This idea of God in all things, and all things in God, is called Pantheism, from Greek words signifying God in All. When the mind is strongly impressed with this belief, and conscientiously acts upon it, the effect is great tenderness toward animals, and reverence for Nature; because the minutest form of being is regarded as a portion of Deity. Thus the Hindoo saint extends hospitality alike to friends and enemies. When he eats, he shares his food with whatever creature presents itself. He refrains from honey, from reluctance to deprive bees of their nourishment. He will not eat flesh, because he shrinks from causing the death of any animal. He avoids lighting a candle at night lest insects should be drawn into the flame; and he filters the water he drinks, lest he should incautiously swallow some creature. He will not even pluck fruit with violence, but eats only such as falls of itself, because in trees and bushes also he beholds living beings, portions of the Universal Soul.
They believe that all life, whether in essence or form, proceeds constantly from Brahm, through a variety of mediums. If any creature imagines for a moment that he has existence in himself, out of the Divinity, it is the effect of magical illusion, by which Brahma himself
, for incomprehensible reasons, takes captive his senses.
The action of Brahm upon Nature, and upon human souls, is through a variety of Spirits, presiding over the planets, the elements, and all the forces of Nature. All in the scale of being are emanations from him, in successive gradations. The highest of these emanations are Brahma, the Creator, Vishnu, the Preserver, and Siva, the Destroyer, who is likewise the Reproducer of forms. Brahma is represented in poetry, and in painted sculpture, as a golden-coloured human figure, with three heads and four arms. He is never described as assuming the form of any of the inferior orders of beings, or as living upon the earth in a visible body. His name is held in exceeding reverence, and none but the Brahmins utter it. They make daily invocations to him, and sometimes offer him a flower. No sect of worshippers bears his name, and no temples or festivals are appropriated to him. This may be because his high rank inspires awe, and seems to carry him beyond the range of human sympathies; or it may be that his work as Creator being finished, mortals do not feel the need of his interference. He is represented as inhabiting a magnificent temple, called Dheira, near the Sea of Milk, in the upper celestial regions. Thither Vishnu, and other deities, repair in emergencies, to consult his oracle ; but the response becomes audible only after days of devotion and prayer. All seems to indicate that Brahma was the expression of a more spiritual idea, than the other deities.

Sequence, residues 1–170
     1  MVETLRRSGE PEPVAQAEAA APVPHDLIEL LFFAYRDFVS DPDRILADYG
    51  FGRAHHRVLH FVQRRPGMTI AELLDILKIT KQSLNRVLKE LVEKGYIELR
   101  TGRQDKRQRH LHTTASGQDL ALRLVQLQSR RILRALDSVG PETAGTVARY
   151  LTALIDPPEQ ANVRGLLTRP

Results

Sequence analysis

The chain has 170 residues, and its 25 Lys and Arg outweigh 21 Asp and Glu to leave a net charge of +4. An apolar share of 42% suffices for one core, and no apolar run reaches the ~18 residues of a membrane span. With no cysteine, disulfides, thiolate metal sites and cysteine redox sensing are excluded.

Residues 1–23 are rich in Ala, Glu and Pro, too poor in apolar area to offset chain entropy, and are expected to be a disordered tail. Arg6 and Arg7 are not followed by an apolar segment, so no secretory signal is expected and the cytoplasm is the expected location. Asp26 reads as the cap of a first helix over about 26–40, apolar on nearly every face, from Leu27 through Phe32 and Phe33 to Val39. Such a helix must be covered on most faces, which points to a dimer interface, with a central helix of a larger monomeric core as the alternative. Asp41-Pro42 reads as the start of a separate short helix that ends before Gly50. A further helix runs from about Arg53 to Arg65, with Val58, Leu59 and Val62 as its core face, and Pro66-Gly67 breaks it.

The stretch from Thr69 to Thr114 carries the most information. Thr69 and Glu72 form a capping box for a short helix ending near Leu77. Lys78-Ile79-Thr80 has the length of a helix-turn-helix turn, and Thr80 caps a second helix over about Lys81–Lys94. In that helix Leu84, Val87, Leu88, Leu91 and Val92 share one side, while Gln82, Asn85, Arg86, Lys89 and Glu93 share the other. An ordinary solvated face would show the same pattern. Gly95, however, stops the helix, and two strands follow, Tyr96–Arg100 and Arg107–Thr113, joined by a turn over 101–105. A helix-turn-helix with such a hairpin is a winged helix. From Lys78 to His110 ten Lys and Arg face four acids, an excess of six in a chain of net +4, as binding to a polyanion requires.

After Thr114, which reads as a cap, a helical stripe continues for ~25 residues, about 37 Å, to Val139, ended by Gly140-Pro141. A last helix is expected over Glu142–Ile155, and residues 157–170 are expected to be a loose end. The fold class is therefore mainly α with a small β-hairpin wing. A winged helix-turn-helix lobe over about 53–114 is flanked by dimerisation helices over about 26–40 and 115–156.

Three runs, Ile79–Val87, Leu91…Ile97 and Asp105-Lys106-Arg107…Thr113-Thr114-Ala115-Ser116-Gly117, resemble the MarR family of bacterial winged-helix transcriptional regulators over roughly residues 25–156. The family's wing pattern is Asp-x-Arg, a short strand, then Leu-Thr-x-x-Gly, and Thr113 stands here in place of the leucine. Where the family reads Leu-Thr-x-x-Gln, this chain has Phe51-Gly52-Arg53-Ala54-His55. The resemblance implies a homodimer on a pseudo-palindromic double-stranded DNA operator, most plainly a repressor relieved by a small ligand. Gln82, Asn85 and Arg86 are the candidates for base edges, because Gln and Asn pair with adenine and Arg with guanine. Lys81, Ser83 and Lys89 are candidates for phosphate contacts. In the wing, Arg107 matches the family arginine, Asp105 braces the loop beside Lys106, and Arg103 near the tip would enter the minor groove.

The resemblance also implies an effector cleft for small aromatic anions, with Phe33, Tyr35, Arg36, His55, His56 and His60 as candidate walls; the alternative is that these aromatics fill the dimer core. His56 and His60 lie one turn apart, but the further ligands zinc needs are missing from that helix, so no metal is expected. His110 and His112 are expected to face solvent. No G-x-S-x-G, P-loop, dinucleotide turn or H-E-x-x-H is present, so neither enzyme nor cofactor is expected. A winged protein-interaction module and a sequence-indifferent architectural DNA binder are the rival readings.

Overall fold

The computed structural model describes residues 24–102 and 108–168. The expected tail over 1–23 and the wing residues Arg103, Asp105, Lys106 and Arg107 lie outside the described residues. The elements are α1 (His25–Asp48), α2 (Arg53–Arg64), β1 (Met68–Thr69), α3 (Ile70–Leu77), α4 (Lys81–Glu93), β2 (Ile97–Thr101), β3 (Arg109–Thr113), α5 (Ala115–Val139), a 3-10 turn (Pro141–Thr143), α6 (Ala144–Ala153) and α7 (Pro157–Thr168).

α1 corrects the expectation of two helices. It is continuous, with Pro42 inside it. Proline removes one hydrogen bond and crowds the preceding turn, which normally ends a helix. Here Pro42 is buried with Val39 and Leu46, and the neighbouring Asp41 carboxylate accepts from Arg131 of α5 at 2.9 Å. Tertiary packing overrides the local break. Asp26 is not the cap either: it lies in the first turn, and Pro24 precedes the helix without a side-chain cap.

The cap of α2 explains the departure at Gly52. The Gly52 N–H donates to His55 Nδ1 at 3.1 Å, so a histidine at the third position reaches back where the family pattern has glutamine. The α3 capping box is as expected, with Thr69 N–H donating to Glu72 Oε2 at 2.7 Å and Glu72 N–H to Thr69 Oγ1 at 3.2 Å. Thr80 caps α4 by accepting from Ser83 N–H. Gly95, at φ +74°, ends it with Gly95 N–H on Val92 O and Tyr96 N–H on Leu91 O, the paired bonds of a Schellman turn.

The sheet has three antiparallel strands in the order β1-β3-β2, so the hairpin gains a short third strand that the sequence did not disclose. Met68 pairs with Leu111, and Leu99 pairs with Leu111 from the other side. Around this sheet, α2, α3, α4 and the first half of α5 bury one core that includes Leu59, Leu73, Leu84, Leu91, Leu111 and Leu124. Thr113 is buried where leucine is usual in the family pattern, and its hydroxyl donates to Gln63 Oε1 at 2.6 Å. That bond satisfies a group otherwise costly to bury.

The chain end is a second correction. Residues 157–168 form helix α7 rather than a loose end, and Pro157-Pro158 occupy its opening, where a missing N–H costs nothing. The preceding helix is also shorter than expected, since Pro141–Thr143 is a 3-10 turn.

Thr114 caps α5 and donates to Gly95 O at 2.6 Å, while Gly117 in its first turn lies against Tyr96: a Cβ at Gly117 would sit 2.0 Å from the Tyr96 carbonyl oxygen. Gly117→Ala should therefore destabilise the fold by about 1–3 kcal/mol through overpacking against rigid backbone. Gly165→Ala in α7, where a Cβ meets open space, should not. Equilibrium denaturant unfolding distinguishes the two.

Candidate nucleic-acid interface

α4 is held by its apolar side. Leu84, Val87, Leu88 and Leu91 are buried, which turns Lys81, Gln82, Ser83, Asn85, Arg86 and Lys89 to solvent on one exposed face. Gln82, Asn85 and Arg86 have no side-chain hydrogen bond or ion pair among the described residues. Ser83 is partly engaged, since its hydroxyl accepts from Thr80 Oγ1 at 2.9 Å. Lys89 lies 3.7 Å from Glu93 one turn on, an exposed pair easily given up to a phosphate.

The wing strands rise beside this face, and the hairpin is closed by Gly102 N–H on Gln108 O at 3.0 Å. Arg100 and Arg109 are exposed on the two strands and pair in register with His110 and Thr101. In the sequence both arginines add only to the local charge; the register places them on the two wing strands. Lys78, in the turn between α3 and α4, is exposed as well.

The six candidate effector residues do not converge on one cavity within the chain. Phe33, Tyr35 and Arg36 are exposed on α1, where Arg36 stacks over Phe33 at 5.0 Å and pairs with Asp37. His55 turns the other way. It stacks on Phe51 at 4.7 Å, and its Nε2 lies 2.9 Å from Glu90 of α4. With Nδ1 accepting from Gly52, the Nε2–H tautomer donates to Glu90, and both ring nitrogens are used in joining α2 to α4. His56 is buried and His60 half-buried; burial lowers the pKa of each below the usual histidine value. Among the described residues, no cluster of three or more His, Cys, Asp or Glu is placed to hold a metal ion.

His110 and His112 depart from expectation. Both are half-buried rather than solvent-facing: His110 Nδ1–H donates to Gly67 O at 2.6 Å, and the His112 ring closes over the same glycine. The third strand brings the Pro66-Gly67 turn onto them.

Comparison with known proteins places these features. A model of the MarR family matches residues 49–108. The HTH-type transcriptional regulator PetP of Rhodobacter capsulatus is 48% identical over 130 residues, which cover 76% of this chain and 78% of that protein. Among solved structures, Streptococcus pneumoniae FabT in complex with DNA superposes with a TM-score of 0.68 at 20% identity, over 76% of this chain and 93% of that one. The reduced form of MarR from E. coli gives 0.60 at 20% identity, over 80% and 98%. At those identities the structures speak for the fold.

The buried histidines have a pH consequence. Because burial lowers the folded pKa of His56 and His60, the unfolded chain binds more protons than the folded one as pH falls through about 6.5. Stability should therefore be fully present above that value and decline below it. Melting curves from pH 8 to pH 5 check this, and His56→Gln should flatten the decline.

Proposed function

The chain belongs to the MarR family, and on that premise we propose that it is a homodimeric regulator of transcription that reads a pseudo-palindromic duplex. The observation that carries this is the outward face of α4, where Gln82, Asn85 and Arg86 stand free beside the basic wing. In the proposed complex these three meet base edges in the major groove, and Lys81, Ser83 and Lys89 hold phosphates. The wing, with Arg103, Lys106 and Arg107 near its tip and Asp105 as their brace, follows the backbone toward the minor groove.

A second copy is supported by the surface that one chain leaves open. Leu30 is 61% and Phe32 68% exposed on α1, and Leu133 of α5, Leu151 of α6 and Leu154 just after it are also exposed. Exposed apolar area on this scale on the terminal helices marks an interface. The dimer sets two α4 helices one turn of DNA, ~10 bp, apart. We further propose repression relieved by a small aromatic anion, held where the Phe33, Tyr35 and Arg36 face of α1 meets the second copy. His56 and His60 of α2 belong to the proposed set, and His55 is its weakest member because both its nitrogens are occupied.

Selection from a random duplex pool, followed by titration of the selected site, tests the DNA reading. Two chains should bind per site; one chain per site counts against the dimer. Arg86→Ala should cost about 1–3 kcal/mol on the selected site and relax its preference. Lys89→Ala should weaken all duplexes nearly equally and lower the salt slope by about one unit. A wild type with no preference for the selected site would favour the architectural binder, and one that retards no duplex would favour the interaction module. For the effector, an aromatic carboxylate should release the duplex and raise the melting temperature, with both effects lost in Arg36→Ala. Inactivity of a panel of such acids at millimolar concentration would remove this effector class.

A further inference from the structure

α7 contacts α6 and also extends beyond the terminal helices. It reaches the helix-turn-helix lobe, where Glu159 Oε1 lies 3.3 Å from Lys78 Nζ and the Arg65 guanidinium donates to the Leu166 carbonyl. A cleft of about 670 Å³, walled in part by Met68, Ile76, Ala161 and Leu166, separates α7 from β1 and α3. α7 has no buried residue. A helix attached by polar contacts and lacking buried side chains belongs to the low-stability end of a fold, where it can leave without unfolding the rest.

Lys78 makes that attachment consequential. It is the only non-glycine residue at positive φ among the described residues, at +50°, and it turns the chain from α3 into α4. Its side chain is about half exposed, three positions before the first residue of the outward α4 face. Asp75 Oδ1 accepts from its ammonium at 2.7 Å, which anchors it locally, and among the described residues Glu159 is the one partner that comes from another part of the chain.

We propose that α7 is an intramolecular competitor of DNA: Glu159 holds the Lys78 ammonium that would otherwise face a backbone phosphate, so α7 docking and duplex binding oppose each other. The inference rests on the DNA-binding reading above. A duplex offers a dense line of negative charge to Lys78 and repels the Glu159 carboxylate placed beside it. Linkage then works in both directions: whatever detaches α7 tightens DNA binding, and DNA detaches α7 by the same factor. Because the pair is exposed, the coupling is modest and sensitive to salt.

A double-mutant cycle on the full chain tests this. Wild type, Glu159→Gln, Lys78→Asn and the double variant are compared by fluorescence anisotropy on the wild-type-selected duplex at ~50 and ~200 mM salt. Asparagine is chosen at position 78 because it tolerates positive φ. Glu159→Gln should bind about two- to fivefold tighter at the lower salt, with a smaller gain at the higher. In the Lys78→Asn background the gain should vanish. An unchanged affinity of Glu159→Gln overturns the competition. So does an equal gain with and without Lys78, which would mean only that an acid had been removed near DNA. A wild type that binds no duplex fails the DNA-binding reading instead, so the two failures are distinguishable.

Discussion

Poets and sculptors represent Vishnu as a handsome young man of blue complexion, with four arms. One holds a shell, another a lotus blossom, another a mace, another a ring, which radiates a stream of light. He is clothed in yellow, with a jewelled crown, and a necklace of gems. When asleep, he floats on the surface of the ocean, cradled in the folds of the huge star-covered serpent Seshanaga, whose thousand heads serve him for a pillow. He has a multitude of names, and is represented in a great variety of ways. He seems much nearer to the human heart than Brahma; for his power and mercy are supposed to be constantly exerted to uphold the universe, to prevent calamity, and relieve distress. He is revered as a household god, and is invoked to avert family misfor. tunes, or to obtain blessings when about to occupy a new dwelling. He is believed to have been repeatedly incarnated on earth, for beneficent purposes. His beautiful wife Lacshmi on such occasions assumes a female form and accompanies him among mortals, till his mission is com